“Tevye, hurry up, Shmuel will be ringing the bell soon,” Golde shouted from the kitchen.

“I’m hurrying, I’m hurrying.”

Now here is one of the true joys of kibbutz life, working with my wife. It’s not that I don’t like the opportunity to spend more time with Golde, but setting tables, serving meals and washing dishes is not exactly my foremost ability — if you’ll excuse me Reb Marx — but we all have to take our turn at what are considered the less desirable tasks.

“Tevye, bring the carts over so we can start loading them.”

Another edict from the authority. Talk about turning tradition on its head, the papa taking orders from the mama. It reminds me of the time Moses was asked why he couldn’t control his sister. He said, “I can either be the leader of Israel or control Miriam. I can’t do both.”

“Tevye!”

“I’m coming.”

All right, so it’s not such a tough job to put some tin boxes on the tables and fill them with forks and spoons and to wheel these little carts around with platters of food, but who needs the complaints. I don’t cook the meals, I just serve them, but everybody’s got an opinion. The porridge is cold, the eggs are hard, and the tomatoes are soft. The members had food fights like little children until we held a meeting and Jonathan lectured us on the significance of even the most menial jobs, and the importance of treating everyone, especially the kitchen staff, with respect. Well, the scolding stopped the chaverim from throwing food, but it didn’t stop the grumbling.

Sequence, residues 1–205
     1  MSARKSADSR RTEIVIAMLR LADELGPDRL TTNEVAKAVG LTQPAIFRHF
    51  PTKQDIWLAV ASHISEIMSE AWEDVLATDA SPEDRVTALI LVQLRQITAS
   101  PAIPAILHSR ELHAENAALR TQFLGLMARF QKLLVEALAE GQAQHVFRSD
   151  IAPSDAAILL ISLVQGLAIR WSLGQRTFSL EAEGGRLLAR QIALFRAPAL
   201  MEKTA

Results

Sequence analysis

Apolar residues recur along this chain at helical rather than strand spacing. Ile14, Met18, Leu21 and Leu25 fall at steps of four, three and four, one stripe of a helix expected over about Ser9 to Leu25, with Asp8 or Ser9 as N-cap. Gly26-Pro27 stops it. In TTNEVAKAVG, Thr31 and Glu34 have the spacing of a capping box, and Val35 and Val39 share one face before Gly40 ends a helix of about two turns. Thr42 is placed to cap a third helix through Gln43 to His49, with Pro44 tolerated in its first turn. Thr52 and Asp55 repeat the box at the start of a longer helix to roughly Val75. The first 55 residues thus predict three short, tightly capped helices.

Who can blame them? Look at what they’re bringing out for lunch: bread with jam, fruit soup and herring. If you think it looks bad, you don’t want to know about the smell. Everyone peels the skin off the herring and wipes their hands on their clothes. That fishy smell will be around all day.

“Tevye, stop dawdling! It’s almost time.”

If I worked here more often, the committee would probably have to vote on whether to put a window in the kitchen just so Golde could yell at me without opening the door. When she stuck her head out, I could see she was chewing something. Her latest habit is to chew kamardin all the time. It’s a kind of candy made from boiled apricots. After dwindling away to practically nothing, she’s getting a little zaftik, but she’s happier so I don’t say anything.

This excerpt is from Mitchell Bard’s novel, After Anatevka – Tevya Goes to Palestine available now in paperback and on Kindle.